Citation: Sedwick C (2006) The Education of Mr. T. PLoS Biol 4(4): e117. https://doi.org/10.1371/journal.pbio.0040117
Published: March 7, 2006
Copyright: © 2006 Public Library of Science. This is an open-access article distributed under the terms of the Creative Commons Attribution License, which permits unrestricted use, distribution, and reproduction in any medium, provided the original work is properly cited.
T “helper” cells (which express the surface marker CD4) and “killer” T cells (which express CD8 markers) are each critical for detecting and neutralizing microbial invaders and protecting the body from disease. Both types of T cells recognize foreign invaders through surface expression of a T cell receptor (TCR) that is unique to each T cell. When an infected cell expresses protein fragments (peptides) derived from a pathogen on its surface, it raises a red flag for the TCR that recognizes the peptide.
Before CD4 T helper cells or CD8 killer T cells can be unleashed on invading armies of microbes, they must first learn how to detect appropriate targets for their activities. This education process takes place in the thymus (thus, the “T” in their name), where T cells originate. Immature cells that will eventually become T cells come to the thymus from the bone marrow. Once they arrive in the thymus, immature T cells (now called “thymocytes”) undergo specific maturation steps that result in the simultaneous surface expression of both CD8 and CD4 proteins.
Later, they will choose to express only one of these determinants, but these “double-positive” thymocytes must first pass two sequential life-and-death tests. First, they undergo positive selection to make sure they have a functional TCR. Then they undergo negative selection to ensure that their TCR does not strongly recognize determinants derived from body proteins (self). If a prospective T cell expresses a defunct TCR on its surface, it will fail the positive selection test and undergo “death by neglect.” Then, if it expresses a TCR that responds too enthusiastically, it will fail the negative selection test and will also die. When T cell education goes awry, an individual faces dire consequences, including severe immune deficiency or autoimmune disease.
In both positive and negative selection, T cell death is accomplished by a process called apoptosis (cellular suicide), in which the Bcl-2 family of proteins plays a much-celebrated role: some Bcl-2 family members (including Bcl-2 and Bcl-xL) protect cells against apoptosis, while others (such as Bax, Bak, and Bid) promote it. Scientists still struggle to understand how the activity of Bcl-2 proteins is regulated inside cells.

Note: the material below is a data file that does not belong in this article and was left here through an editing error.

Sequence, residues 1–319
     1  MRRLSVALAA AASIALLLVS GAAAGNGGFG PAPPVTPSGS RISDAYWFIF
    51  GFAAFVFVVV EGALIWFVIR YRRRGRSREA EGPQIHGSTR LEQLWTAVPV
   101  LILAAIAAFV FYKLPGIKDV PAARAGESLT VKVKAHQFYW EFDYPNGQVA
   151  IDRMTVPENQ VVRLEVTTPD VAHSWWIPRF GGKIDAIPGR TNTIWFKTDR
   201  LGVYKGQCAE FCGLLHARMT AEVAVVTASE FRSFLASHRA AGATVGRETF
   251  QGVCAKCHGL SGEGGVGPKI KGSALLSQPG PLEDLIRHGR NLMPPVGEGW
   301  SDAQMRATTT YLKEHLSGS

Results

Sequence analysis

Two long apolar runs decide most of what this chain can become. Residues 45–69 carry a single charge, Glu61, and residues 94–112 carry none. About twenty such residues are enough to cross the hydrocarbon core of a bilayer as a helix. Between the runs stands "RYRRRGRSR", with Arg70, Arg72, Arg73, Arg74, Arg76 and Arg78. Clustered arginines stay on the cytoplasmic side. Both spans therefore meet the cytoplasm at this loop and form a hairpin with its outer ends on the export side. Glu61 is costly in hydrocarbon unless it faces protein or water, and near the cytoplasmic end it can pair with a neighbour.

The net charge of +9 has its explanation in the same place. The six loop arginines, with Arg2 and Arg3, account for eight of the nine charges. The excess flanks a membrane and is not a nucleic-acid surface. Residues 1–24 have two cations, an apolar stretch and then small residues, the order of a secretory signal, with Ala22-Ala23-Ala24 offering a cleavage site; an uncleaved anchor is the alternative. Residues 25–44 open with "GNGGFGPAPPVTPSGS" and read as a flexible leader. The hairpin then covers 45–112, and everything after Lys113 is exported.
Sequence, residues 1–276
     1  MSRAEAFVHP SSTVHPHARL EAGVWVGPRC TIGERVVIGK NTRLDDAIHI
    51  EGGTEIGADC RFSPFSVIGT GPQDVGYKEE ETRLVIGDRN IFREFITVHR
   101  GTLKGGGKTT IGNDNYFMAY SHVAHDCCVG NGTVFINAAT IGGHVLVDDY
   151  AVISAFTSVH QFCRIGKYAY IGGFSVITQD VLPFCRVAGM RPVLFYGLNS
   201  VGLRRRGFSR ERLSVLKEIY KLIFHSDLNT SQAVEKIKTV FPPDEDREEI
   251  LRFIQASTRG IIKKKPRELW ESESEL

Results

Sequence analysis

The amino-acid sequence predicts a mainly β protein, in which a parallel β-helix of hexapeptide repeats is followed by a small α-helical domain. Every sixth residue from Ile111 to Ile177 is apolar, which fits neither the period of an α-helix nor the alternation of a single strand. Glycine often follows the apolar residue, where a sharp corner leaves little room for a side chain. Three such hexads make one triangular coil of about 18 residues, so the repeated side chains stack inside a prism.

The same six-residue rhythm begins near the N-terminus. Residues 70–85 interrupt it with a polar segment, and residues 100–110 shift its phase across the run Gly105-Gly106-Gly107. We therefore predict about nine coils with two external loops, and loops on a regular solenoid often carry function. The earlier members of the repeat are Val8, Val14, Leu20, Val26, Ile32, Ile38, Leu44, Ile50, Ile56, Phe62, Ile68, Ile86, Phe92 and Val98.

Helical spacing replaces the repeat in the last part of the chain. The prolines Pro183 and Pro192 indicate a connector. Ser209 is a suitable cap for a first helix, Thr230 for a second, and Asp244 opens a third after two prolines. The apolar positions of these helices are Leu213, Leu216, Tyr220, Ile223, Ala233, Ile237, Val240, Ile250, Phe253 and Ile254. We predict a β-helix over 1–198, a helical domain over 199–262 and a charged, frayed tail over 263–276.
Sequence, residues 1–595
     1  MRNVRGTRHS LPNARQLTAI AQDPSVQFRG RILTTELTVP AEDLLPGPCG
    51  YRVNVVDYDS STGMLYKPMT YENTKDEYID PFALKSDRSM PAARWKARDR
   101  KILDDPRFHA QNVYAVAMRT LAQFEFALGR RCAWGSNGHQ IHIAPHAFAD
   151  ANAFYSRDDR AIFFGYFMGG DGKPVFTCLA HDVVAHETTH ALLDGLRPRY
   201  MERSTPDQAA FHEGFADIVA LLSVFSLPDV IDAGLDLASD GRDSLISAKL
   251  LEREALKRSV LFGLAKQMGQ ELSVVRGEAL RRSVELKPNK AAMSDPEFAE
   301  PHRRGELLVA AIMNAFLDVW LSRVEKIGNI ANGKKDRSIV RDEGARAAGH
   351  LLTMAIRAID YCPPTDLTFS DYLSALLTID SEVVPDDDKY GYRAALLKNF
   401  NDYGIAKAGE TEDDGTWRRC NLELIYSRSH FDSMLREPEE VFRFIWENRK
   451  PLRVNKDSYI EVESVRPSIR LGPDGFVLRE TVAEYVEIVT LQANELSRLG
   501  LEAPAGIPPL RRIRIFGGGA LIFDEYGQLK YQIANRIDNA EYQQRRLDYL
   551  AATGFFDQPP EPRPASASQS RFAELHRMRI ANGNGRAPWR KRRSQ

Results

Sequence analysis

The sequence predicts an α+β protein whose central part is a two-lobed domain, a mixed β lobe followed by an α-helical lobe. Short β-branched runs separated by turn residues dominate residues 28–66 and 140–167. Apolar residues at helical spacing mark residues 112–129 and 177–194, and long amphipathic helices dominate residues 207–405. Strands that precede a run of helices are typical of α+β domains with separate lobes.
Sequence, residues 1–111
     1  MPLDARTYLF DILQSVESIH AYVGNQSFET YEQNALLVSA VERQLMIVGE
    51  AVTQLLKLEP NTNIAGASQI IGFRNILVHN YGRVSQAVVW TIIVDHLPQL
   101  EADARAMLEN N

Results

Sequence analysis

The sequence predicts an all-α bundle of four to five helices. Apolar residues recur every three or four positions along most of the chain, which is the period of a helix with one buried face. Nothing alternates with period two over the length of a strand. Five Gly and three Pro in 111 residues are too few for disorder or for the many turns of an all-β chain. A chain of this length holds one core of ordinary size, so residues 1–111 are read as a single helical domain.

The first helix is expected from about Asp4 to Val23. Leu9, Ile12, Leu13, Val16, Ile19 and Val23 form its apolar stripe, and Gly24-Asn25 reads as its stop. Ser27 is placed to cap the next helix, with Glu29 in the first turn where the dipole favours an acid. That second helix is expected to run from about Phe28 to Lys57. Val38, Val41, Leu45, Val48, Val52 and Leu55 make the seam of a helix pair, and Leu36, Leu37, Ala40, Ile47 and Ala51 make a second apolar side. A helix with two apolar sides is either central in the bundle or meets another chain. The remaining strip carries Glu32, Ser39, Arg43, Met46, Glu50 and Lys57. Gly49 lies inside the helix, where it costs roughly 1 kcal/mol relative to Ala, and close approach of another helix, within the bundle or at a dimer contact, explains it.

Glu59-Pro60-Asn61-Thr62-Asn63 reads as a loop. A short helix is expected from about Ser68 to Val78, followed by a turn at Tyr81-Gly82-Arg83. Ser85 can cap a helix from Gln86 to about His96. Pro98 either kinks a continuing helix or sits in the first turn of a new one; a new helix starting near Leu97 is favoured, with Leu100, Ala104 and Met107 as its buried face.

In an effort to identify other proteins involved in the education of T cells, Takeshi Nitta, Yousuke Takahama, and their colleagues undertook a screen for genes whose expression changes in T cells during positive selection. The screen identified the immune-associated nucleotide-binding (IAN; also known as GIMAP) family of proteins, which are all expressed in immune tissues, as players in this process. In particular, the researchers identified IAN1, IAN4, and IAN5 as participating in the process of T cell education, through an interaction with various Bcl-2 family members.
Nitta and his colleagues first characterized the expression pattern of the IAN family generally: in the mouse, there are eight IAN family proteins (IAN1–7 and IAN9), whose coding genes are all packed together on Chromosome 6. As expected, they found the genes of these proteins expressed predominantly in immune tissues (thymus, spleen, lymph nodes, and bone marrow) and also in the lung. When they looked for expression of these proteins in T cells, they found that expression of IAN1, IAN4, and IAN5 increased in thymocytes during the process of positive selection.
To further probe the functions of these proteins, the authors engineered thymocytes to prematurely overexpress either IAN1, IAN4, or IAN5. Under these conditions, cells overexpressing IAN1 died prematurely (at the CD4, CD8 double-positive stage), while those expressing IAN4 or IAN5 were not affected. Conversely, when Nitta and his collaborators prevented thymocytes from expressing these proteins, they found that loss of IAN4 expression blocked positive selection, while loss of IAN5 prevented thymocytes from reaching the double-positive stage; loss of IAN1 expression had no effect. Subsequently, the authors found that IAN4 and IAN5 each associate with Bcl-2 proteins (of both the pro- and anti-apoptotic flavors), while IAN1 was found to associate specifically with Bax; the intracellular location of the individual IAN proteins also co-localized with their respective Bcl-2 binding partners.
Because the expression of these three IAN proteins is carefully timed during T cell development—and because they interact with Bcl-2 family members and appear to regulate T cell survival—further investigation is warranted to determine the precise contribution of IAN proteins to the T cell developmental and survival process. There are also several questions remaining to be examined, including the structural basis of the IAN: Bcl-2 family protein association. The identification of IAN proteins' involvement in T cell development opens a rich trove of potential investigations.